Looking for gold at end of rainbow
Ian McClean marks your card for the week with his day-by-day guide to what’s hot and what’s not
Tony McCoy's assertion that there is no outstanding two-mile novice chaser is reflected very much in the unsteady and yawning market that makes up this year's Arkle.
With Simon Claisse holding fire on the water and rain forecast for early this week, one thing for sure is that two miles at Arkle pace will certainly feel like at least two and a half in real terms. This in turn will not suit either those who enjoy forcing the pace or those who prefer rattling rather than squelching hooves.
Favourite Tatenen will be one to benefit from the prevailing unsettled conditions but at 7/2 or thereabouts is just too short for me. In an open race, the horse that tempts me is Forpadydeplasterer which will be encountering his ideal conditions for perhaps the first time this year. A repeat viewing of his Ballymore Properties run last year confirms that nothing travelled as well through the race as he.
His physique always suggested he would make a better chaser than hurdler (yet he still managed a Grade 1 win in that discipline). After his beginners' chase win in October, his three defeats subsequently have all come as a result of being outstayed -- either on horrible ground (Leopardstown) or over a distance too far. Some have unfairly questioned his resolve. Tuesday is his right to reply -- Pady's Day a week early?
Binocular could prove to be the next See You Then but at 6/4 every assessment instinct in me makes him a lay. If he does win on Tuesday, he could well win three Champion Hurdles but he has yet to prove unequivocally that he has the level of superiority the betting suggests.
For starters, five-year-olds have gone from being the pariahs of the Champion Hurdle scene to suddenly being the most popular flavour as they occupy three of the first four places in the betting. Binocular was beaten at last year's Festival having travelled better than his conqueror Captain Cee Bee throughout the race. This is a far cry from the flat track, good ground triumvirate of wins he has clocked up since. Moreover, his prep work at Kempton didn't exactly set the world alight.
Osana provides the most viable alternative. Still relatively lightly raced for a seven-year-old, his course form is impeccable. A Bula slaughter of subsequent Champion Hurdler Katchit; a Greatwood second to Sizing Europe conceding weight and a gallant runner-up in the Champion on diabolical ground puts him right there on the book. And a most promising preparatory run behind Celestial Halo at Sandown conceding 4lbs doesn't give him a lot to find with Binocular. Dunnes Stores don't have any better value.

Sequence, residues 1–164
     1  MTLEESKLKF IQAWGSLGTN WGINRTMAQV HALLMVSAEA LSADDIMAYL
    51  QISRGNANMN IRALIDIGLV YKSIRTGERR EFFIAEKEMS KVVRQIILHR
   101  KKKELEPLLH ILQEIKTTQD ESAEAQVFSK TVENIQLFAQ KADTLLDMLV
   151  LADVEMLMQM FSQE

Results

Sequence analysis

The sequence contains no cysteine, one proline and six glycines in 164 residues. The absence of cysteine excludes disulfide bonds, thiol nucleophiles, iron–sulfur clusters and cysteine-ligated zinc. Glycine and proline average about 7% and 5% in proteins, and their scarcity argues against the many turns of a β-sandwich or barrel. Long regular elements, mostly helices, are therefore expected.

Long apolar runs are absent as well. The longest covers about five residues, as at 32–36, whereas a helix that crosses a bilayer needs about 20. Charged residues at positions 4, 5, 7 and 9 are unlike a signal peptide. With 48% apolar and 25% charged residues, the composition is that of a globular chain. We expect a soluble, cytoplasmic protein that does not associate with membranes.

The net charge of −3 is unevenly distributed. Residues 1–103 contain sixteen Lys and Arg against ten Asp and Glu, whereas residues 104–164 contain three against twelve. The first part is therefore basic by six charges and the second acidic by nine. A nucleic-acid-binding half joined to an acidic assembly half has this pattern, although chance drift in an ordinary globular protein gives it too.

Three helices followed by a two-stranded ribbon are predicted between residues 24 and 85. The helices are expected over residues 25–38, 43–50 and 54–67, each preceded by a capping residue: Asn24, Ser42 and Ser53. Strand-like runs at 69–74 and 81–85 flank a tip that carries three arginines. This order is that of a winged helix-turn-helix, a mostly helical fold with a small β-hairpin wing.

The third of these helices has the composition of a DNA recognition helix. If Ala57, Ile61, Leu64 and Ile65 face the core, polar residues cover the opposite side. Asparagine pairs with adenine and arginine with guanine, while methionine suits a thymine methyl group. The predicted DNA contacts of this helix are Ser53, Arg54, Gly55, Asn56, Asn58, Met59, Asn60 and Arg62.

Queen Mother champion chase
Highest-rated chaser in training. Most impressive winner at last year's Festival. Hardly out of second gear in two runs this season. Reigning Champion Chaser and still only six. Bar a mishap, it should be a formality with the most likely challenger (Voy Por Ustedes) diverted to the Ryanair. Would think an extreme shift of faith to expect anything other than Master Minded here.
Verdict: Master Minded
It is little surprise Ruby Walsh chose Cooldine over What A Friend -- if there ever was a choice. With only seven races in his life -- and two over fences -- What A Friend simply does not have the battle-hardened experience profile of a typical SunAlliance winner. Over fences, he has only beaten a total of 10 horses in his two races and the white-knuckle endurance marathon that typifies the RSA is going to be a shock to the system of one so inexperienced. Moreover, six year-olds have an appalling record in the race. Horses of the quality of One Man and Our Vic both faltered when favourites aged six. The stats relate that only two six-year-olds have won since 1978 -- and one of those was no less than Florida Pearl in 1998.
Which leads us very nicely to Cooldine. Sporting the same colours as Florida Pearl, his aspirations to RSA glory were hardly shielded by rattling up a five-timer over timber last season and rounding off the campaign with the highest rated performance of any novice in finishing fourth behind Blazing Bailey in the World Series Hurdle at the Punchestown Festival.
Throughout his novice hurdle campaign, trainer Willie Mullins was insistent he would be even better over fences. His opportunity to prove it so far has been masked by running over a distance well short of his optimum.
Furthermore, Mullins is the only Irish trainer to win the SunAlliance since 1985 (with Rule Supreme in 2004 as well as Florida Pearl). Beyond that, Mullins has saddled two seconds (Alexander Banquet and Snowy Morning) from a total of just seven runners (ironically, the other three all fell). Believe me, this is the weakest Championship race at the Festival and Cooldine represents the bet of the week.
Not quick enough for Master Minded and not stamina-laden enough for a Gold Cup, the Ryanair represents the perfect panacea for twilight horses like Voy Por Ustedes and Tidal Bay.